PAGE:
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Boeing’s CST-100 spacecraft features LED lighting and tablet technology. Photo via NASA/Robert Markowitz.

From the outside, Boeing’s new spacecraft mimics the Apollo-era capsules from back in the day. The interior, however, is all about the future.

NASA astronaut Randy Bresnik readies for flight-suit evaluations of the Boeing CST-100 capsule Monday in Houston. Photo via NASA.
NASA astronaut Randy Bresnik readies for flight-suit evaluations of the Boeing CST-100 capsule Monday in Houston. Photo via NASA.

Boeing today showed off the inside of its CST-100, a commercial spacecraft the company is building in hopes of flying NASA astronauts to the International Space Station.

On Monday at Boeing’s Product Support Center in Houston, two NASA astronauts donned the classic orange spacesuits and went through flight evaluations inside the CST-100, which features tablet technology and the same blue LED lighting found in Boeing’s newer commercial aircraft like the Dreamliner.

“It’s an upgrade,” said NASA astronauts Serena Aunon in the video below. “It’s an American vehicle — of course it’s an upgrade.”

Boeing is developing the CST-100 as part of NASA’s Commercial Crew Development program, in which private companies are vying to replace the Space Shuttle as a means of transporting up to seven astronauts to the International Space Station. Space Exploration Technologies (SpaceX) and Sierra Nevada Corporation are also competing for NASA’s business.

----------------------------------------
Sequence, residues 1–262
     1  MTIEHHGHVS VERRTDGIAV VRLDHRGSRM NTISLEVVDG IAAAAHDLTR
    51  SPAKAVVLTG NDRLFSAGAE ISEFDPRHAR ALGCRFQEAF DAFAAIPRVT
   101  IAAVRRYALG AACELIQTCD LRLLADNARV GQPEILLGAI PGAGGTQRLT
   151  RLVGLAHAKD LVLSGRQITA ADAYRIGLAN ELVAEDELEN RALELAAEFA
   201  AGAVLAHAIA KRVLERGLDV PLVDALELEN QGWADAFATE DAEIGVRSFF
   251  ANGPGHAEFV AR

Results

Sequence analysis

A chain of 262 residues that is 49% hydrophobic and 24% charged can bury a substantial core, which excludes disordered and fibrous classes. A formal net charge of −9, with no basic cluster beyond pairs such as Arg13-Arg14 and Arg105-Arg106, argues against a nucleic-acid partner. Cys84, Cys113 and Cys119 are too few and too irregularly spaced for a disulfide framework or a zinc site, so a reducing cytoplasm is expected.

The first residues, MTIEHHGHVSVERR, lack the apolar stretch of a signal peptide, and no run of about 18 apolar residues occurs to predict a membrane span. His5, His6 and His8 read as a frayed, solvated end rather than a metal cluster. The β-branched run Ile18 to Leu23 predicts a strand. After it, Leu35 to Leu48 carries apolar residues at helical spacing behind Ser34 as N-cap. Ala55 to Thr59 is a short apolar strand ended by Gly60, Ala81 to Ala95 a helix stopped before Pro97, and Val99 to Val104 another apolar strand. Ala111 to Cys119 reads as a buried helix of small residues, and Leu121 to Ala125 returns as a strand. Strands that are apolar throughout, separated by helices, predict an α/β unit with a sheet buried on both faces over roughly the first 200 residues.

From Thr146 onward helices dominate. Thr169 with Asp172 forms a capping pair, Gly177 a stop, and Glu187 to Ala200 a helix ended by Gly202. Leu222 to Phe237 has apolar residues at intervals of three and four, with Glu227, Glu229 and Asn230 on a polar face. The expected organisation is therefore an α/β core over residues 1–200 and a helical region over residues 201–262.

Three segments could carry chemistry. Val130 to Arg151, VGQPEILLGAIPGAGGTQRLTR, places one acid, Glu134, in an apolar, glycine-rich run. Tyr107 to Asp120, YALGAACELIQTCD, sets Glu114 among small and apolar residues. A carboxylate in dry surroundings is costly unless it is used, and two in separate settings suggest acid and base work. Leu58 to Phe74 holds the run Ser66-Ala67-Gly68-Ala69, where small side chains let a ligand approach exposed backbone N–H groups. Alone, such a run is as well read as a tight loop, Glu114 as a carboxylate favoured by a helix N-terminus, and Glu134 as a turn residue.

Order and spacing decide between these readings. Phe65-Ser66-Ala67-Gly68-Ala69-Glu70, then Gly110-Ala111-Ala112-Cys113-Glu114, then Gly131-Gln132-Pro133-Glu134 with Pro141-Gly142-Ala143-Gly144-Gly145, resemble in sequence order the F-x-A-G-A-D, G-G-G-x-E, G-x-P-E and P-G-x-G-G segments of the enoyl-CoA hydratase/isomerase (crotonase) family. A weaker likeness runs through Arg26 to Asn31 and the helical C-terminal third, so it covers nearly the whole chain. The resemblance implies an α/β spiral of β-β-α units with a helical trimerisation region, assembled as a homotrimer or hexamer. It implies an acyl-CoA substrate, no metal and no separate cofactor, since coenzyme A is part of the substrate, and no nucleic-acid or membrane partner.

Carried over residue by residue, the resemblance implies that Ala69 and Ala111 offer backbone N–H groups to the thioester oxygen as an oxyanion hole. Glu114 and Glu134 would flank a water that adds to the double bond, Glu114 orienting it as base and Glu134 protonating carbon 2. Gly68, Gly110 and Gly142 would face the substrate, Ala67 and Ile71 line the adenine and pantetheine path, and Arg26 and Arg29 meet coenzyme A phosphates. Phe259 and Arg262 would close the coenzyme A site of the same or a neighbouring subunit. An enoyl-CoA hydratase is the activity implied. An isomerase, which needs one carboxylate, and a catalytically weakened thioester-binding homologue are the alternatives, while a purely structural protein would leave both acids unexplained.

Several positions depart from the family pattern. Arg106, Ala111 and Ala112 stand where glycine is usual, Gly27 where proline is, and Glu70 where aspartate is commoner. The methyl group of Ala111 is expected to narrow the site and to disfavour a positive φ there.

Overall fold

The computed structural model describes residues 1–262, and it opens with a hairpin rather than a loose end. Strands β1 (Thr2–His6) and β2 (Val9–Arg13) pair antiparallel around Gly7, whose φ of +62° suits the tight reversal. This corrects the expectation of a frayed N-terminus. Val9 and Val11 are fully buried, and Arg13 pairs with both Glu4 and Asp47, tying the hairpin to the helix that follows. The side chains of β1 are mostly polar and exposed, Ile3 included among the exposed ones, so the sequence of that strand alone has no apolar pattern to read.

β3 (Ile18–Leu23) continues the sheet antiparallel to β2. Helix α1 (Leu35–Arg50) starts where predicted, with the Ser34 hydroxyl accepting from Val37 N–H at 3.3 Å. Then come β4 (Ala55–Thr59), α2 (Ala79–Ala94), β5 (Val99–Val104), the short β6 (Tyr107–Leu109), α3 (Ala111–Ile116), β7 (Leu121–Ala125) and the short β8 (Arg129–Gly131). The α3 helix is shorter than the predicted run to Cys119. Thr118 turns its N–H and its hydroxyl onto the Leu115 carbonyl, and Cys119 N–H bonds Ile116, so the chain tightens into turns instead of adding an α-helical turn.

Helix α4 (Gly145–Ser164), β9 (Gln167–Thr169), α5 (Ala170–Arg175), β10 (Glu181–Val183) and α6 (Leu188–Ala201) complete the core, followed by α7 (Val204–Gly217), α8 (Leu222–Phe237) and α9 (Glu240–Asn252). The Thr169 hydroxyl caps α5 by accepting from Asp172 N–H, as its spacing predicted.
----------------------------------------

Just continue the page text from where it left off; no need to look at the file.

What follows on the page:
boeingcst100diagramThe interior of the CST-100, at least from the photos, looks relatively clean without too many buttons or switches.

“What you’re not going to find in there is 1,600 switches,” said Chris Ferguson, Director of Boeing Crew and Mission Operations. “When these guys go up this, their primary mission is not to fly this spacecraft — their primary mission is to go to the Space Station for six months. We don’t want to burden them with an inordinate amount of training to fly our vehicle.”

Boeing partner Bigelow Aerospace, which built the outer shell of the capsule, also plans to use the CST-100 to transport people to and from its space complex.

Boeing, which shut down its space shuttle program two years ago, is on schedule to conduct test flights of the CST-100 in 2016, using the Atlas V rocket.

Previously on GeekWire: New Boeing website lets you track 787s in real time, look out virtual windows

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